19 June, 2021

The Orchard’s Bitterest Mangoes

Plassey, with its web of cruelty, loot and intrigue, is relived in fresh pungency

The Orchard’s Bitterest Mangoes

Treason, playboy princes, multinational corporations and exotic locations. If Plassey were a television serial that would probably be the promo for it. Sudeep Chakravarti’s Plassey brings dense research to bear on a battle that did in a sense change the course of Indian history since it established the British as a power in eastern India.

Chakravarti traces the history of the East India Company’s trade in the east, the constant fallings out with the nawabs, starting with Murshid Quli Khan and Shaista Khan, moving on to Alivardi Khan, the last of the powers in the region, and ending with the outmanoeuvred Siraj-ud-Daulah. Tellingly however, he starts his book with the young ‘Bob’ Clive at his uncle’s, where he earned a reputation for temper and fisticuffs. Robert Clive, his uncle wrote, had a tendency for heroics even though he did listen when admonished. Clive’s greed and Siraj’s pride came into direct conflict.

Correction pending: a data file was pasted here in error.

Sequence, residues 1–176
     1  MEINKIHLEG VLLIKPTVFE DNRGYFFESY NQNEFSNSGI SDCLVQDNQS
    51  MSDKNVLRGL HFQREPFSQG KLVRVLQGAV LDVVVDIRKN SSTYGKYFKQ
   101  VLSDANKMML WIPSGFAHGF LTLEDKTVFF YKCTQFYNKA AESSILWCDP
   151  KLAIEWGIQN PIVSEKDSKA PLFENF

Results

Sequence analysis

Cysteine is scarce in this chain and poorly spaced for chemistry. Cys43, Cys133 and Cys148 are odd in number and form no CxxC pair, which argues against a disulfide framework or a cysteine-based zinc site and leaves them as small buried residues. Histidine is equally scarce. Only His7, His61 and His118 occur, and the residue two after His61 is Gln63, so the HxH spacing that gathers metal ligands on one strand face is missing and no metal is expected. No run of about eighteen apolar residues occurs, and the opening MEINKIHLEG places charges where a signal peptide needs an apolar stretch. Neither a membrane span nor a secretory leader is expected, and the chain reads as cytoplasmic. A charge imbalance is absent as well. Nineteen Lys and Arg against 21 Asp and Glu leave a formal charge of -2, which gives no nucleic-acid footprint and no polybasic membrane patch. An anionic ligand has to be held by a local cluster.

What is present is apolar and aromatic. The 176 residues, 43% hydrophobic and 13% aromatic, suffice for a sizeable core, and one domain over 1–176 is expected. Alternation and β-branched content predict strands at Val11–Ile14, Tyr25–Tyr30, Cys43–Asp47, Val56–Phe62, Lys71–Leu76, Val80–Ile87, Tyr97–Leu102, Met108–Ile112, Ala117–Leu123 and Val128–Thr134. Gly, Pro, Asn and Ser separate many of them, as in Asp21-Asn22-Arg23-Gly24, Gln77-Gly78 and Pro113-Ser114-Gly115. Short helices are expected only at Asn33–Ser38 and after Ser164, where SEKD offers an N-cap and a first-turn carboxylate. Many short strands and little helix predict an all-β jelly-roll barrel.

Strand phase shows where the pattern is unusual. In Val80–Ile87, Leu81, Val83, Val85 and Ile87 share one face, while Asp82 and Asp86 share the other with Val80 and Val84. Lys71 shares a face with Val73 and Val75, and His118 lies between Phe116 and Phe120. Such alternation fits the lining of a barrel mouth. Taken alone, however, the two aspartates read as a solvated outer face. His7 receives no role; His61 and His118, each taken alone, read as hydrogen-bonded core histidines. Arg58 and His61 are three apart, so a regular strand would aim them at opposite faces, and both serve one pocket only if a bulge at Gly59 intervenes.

For some British historians, most people were unaware of who was in control of the...

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